What You’ll Be Remembered for is… What You Make Time for

“Death is very likely the single best invention of life” Steve Jobs said.

To me it seems clear that the only duty we have in this lifetime is to find what sparks joy in our hearts and focus on where we can find these little joys until all misery magically disappears taking with it the tasks we find painful.

Does this all sound too good to be true? Maybe.

But maybe, if we do the things we’re great at that bring us joy and lead to mastery, then we attract people who can handle all the stuff we’re terrible at.  Because believe it or not there are people who actually enjoy cleaning, decluttering, balancing the books, tinkering with computers and other stuff that I find painful.

The people who do “dull tasks” with joy  would want to be around us because like them, we tend to the needs of our inner genius.

Marie Kondo would be proud of this way at looking at life. She is the declutterer (she loves to clean! Can you believe it?) who advocates focusing on keeping only the items that spark joy. She says once you focus on the few items that you want to keep, it’s easy to chuck out the rest. Can we do this with the most precious resource we have, our time?

One way to begin would be to jot down where we’re spending minutes and hours of our day.

Are the tasks we’re doing truly bringing us joy and honouring our gifts? Or are we wasting time and avoiding developing gifts where we can excel simply because we don’t have the self-confidence to go out to the world and say “Hi, I’m Eda and I’m a fantastic writer”.

The fear of wasting my most precious resource, time (because we never know how much we’ve got and you get this sense when you attend a funeral), led me to documenting where I spend my time and blocking out time for social media as well as a plan so that what can be a time-wasting activity enables me to keep growing as a writer.

Also, I find that people don’t remember the shit we do begrudgingly. Yes, you may slave your life away driving your kids from one activity to another and make all their favourite dishes and cakes but they will never remember the shit that didn’t spark joy in you. The minute to you do something you’re passionate about that lights up your whole being, well then your glow spills over onto others and warms them up inside and people remember this feeling of being enveloped in your warmth.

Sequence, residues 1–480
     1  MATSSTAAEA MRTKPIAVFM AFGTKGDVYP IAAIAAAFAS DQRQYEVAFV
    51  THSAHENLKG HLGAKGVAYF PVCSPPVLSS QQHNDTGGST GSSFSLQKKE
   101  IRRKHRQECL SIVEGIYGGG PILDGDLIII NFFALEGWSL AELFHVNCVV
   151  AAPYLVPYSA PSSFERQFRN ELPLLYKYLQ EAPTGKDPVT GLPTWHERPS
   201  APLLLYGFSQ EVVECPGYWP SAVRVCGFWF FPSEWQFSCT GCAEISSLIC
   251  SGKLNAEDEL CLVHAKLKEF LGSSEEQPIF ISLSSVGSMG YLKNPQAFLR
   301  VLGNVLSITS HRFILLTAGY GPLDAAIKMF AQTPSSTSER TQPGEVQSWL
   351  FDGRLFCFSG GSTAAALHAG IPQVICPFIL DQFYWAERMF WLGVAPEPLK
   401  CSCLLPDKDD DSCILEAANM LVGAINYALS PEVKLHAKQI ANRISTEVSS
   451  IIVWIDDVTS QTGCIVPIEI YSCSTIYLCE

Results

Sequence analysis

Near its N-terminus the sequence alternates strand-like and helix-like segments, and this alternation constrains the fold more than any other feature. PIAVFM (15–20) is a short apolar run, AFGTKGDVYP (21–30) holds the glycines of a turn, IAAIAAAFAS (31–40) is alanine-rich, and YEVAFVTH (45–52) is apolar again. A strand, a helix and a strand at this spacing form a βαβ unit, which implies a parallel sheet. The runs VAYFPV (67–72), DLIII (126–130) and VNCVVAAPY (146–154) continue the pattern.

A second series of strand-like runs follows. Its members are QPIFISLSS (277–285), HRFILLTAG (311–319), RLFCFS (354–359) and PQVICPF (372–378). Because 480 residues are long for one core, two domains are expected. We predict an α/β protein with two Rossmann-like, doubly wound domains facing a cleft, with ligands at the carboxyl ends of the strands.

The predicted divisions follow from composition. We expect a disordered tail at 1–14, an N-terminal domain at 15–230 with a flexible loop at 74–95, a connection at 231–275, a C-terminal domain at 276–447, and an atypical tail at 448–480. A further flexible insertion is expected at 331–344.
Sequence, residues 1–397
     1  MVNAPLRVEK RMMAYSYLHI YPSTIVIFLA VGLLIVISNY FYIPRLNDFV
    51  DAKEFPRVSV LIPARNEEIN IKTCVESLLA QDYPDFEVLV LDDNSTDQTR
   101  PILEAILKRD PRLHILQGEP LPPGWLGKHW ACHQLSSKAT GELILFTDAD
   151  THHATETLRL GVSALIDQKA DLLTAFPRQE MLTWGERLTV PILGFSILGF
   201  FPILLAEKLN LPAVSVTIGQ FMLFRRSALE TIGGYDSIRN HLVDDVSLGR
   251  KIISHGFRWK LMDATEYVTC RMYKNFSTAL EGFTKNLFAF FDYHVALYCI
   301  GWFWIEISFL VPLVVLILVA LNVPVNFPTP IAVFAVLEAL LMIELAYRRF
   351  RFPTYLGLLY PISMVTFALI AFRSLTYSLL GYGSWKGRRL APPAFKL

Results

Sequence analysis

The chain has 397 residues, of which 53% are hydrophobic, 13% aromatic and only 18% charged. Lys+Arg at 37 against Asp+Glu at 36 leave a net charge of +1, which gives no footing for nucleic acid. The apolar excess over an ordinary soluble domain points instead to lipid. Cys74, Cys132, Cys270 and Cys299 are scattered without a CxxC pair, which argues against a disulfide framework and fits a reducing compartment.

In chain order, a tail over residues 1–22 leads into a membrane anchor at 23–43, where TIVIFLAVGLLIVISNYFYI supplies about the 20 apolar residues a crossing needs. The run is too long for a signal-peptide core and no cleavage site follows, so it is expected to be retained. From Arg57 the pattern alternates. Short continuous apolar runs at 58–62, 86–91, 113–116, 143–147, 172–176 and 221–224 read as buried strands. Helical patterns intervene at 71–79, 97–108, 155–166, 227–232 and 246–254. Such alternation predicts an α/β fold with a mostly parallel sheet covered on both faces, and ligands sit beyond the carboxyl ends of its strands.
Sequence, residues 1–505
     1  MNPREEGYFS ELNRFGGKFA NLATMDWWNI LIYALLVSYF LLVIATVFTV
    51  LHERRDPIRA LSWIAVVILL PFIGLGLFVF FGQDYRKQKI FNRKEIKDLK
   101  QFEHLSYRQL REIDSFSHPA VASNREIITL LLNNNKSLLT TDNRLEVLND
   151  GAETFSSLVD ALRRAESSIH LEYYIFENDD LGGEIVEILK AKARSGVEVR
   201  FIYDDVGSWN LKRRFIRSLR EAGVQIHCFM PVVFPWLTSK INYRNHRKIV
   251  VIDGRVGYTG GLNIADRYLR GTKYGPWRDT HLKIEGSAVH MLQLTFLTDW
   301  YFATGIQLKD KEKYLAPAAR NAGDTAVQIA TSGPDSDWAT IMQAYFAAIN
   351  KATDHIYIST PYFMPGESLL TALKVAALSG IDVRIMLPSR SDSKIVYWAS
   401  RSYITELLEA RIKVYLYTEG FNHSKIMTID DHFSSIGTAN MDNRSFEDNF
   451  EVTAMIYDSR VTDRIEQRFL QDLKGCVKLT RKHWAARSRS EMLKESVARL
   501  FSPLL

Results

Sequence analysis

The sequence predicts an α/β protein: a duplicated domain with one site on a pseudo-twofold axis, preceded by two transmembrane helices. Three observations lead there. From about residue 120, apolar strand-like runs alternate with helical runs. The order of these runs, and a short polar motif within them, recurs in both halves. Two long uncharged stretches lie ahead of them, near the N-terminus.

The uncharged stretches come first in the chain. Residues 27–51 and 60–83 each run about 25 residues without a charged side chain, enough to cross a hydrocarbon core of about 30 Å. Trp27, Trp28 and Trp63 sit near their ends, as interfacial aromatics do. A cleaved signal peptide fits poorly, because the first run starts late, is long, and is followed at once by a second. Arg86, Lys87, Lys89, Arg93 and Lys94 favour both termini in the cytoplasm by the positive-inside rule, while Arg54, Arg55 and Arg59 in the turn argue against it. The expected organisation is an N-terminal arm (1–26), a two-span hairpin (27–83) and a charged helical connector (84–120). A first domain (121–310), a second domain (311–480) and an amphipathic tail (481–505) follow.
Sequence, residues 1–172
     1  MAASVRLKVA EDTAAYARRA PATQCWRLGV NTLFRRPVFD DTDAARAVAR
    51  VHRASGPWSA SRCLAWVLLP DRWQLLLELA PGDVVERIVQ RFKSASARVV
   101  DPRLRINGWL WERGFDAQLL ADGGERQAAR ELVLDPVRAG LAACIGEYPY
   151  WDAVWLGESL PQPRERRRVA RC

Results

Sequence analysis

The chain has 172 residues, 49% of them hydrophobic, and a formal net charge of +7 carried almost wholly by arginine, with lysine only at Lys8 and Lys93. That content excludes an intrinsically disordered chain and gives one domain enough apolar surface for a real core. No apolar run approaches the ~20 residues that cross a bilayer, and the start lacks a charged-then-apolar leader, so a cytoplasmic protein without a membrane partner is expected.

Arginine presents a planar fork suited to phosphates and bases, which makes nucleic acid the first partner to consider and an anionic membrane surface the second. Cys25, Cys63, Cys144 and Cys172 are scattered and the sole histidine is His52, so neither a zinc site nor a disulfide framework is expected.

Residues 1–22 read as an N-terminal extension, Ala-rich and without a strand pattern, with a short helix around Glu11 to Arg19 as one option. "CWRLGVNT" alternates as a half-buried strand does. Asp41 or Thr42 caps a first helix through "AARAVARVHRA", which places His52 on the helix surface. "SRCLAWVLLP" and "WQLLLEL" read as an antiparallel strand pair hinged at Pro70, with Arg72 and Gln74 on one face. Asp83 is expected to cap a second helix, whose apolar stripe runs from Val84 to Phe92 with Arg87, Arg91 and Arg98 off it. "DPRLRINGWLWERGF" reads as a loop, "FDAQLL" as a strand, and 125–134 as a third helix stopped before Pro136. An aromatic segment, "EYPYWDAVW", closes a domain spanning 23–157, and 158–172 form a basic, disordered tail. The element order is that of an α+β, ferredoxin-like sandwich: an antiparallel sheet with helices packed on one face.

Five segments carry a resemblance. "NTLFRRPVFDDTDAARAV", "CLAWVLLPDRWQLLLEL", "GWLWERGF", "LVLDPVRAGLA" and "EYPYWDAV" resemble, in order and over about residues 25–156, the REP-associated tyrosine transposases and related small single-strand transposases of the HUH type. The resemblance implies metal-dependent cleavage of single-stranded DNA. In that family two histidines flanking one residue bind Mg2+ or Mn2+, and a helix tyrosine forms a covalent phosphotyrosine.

I came to this realisation during one of those times I had an adult conversation with mum, not as mother and child but as person to person, human to human, heart to heart.

She asked me how I’d describe her as a person and I responded that I felt she was creative and had artistic ability. She was disappointed. Clearly she was expecting me to praise her for being a great mum because she’d always cook healthy food and put a meal on the table, never take-away, and then proceed to force feed us. I told her that I remembered the feedings as a painful time because up til the age of 7, I’d throw up the eggs she’d try to force feed me. I did not like eggs and she kept forcing me to have breakfast and it made both of us miserable and upset.

Recently at my partner’s grandmother’s funeral, I was also struck by the fact that people who are our nearest and dearest want to remember us for the times that our eyes sparkled with the joy in our hearts. Being a servant-martyr to duty, fulfilling the image of the perfect wife and getting three meals on the table, a spotless home may seem honourable but not if it’s sapping our life energy. If the duty is at the expense of being able to feel connected to our loved ones and feel the sparks of joy, then put down the mop and the broom and grab a cuppa and call a friend for a chat. Or stop watching the clock in your office and go out for a walk. Or chuck a sickie and spend some time in nature.

For my partner’s grandma, joy was going out and partying and spending time with Fijian friends she’d made. She began identifying with the islander way of life in her older years and she’s from a very different culture, an English-Irish Australian. The Fijian approach to life, celebration of mates, life and beauty sparked joy in her. The eulogies reflected this and the twinkles in the eyes of the speakers relived the joy in her heart when talking about her as a teenager getting into Sydney’s night life, enamoured by the Air Force officers, her love of life and spirit spilling into her older years and discovering new aspects of herself with her Fijian friends.

So today, take a look at what’s on your to-do list and if there are any writing tasks which give you great pains to do then give me a call and proceed to doing what sparks joy in you, where you can work with your strengths and build mastery for greater joy and income in your business.

By |2018-06-22T14:51:23+00:00June 22nd, 2018|